Stained window, Cathedrale, Lyons


About kinneret

Hello, and welcome. I'm writing this blog under an alias. Why an alias? I started to write what may be described as an "American Gothic" novel (sort of Henry James/ Franz Kafka with violence) with some autobiographical details. ..when I started this blog I just decided to use the alias. This blog is about art and art history, but my interests also include literature, film analysis, psychology, forensic psychology, faerie tale analysis, cognitive therapy, cognitive linguistics, classical theater, World War II, and Russian and British history. My favorite writers include Kafka, the Brontes, and Philip K Dick. Thank you for reading this blog and I will happily reply to any comments.
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4 Responses to Stained window, Cathedrale, Lyons

  1. marblenecltr says:

    Roman Catholic churches get the honors for constructing the best works in glass and stone, although the Orthodox were awesome as well. Construction of Episcopalian churches continued that tradition while other Protestant denominations in the United States went to wood. So it was with the services, with the emphasis on rituals with emotional stirring of faith that include music and even, on occasion, incense. Those in the wooden churches concentrated on sermons with verbal exhortations. Changes with variations followed, even leading to strong differences in belief. For instance, Unitarians left belief in the mystery of the Trinity of the Father, Son, and Holy Spirit and the shift can be seen the writings of Ralph Waldo Emerson. And, today, the Unitarian church emphsizes social programs with liberal, humanitarian principles and minimal reference to Jesus.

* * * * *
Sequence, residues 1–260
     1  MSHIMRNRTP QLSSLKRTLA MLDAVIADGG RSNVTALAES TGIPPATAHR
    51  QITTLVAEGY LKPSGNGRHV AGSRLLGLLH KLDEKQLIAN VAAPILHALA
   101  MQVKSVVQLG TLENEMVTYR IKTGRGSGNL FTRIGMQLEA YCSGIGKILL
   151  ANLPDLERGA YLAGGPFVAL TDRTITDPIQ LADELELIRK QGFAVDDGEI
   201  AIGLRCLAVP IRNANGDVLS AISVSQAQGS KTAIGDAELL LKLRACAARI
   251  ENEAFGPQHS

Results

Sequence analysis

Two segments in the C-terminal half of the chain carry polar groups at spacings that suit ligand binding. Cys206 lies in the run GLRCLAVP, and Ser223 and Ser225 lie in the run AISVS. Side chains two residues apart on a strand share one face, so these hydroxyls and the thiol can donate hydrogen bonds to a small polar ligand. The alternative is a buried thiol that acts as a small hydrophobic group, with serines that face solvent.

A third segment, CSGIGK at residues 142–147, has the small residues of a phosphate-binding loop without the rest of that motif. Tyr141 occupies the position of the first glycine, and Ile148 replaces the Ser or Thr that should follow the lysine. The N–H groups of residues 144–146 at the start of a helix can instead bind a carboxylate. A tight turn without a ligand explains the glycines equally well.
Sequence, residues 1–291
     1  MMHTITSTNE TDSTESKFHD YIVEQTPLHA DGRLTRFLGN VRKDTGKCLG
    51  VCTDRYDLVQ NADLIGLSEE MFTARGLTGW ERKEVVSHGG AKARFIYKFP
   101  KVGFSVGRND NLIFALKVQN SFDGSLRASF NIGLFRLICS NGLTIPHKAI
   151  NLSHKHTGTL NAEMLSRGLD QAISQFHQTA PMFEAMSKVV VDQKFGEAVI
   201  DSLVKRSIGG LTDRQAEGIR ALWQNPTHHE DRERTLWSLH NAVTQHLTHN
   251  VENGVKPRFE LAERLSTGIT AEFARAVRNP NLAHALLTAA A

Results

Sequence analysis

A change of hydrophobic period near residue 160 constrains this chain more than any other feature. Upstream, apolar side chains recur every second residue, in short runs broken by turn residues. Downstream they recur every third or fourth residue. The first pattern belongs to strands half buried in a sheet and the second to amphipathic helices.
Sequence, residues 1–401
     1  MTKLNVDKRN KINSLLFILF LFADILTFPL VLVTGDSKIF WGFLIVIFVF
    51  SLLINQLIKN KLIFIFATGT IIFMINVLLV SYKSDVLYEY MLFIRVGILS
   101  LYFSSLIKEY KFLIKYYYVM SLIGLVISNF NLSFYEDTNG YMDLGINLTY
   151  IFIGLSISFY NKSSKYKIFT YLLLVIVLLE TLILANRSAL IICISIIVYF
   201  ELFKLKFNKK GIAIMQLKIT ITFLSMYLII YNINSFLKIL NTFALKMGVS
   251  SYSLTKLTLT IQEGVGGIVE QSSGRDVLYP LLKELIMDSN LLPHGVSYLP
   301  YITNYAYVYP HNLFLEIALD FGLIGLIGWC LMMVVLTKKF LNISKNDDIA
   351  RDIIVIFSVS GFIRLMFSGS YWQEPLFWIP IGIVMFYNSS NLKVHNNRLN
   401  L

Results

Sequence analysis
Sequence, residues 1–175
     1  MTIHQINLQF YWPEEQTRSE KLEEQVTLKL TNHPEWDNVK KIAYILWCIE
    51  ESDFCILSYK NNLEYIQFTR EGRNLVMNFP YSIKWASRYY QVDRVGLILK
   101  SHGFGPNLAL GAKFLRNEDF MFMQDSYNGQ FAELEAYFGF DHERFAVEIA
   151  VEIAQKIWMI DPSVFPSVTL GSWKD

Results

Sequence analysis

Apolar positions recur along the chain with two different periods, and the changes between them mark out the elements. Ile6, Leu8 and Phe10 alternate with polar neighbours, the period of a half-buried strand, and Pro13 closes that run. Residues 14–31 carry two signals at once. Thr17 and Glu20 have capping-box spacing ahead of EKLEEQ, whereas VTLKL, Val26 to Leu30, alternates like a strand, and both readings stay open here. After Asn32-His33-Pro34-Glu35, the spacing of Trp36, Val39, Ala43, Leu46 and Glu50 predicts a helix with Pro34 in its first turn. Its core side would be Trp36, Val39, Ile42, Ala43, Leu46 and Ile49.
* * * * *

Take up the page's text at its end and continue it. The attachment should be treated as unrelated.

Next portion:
2. kinneret says:

    Interesting comment. Of course, I always figured that protestantism scrubbed churches of anything that reminded them of the “idolatry” (saints) in Catholicism. Interesting about the influence or interconnection between art/aesthetic/philosophy. With Judaism, we are not allowed to have idols (thus you don’t see statuary or generally windows), although you sometimes see windows and you can see beautiful moorish or romanesque influences in certain synagogues, following the aesthetics of the country (France, Hungary, Spain, Italy), etc. Unfortunately a lot of synagogues from the US are new ones in suburbs or newish places built post WWII with the most awful architecture. That happened because Jews were generally at first concentrated in urban areas (NYC, other downtowns) and eventually left for the suburbs to some extent and thus had to sometimes leave their awesome buildings behind and 20th century architecture had a lot of bad ideas.

  3. marblenecltr says:

    Excellent points in all your remarks. In Orthodox churches thre are ikons opposed to two dimensional art and statuary. Also, Catholic churches have crucifixes with Christ’s body, but the crossez in Protestant churches. One reason given is that we say that we worship a Christ who has risen, but so do Roman Catholics, both are reverent. Your comment about graven images is good, but I have seen Marc Chagall work with human beings as subjects in some Temples, but not Orthodox.

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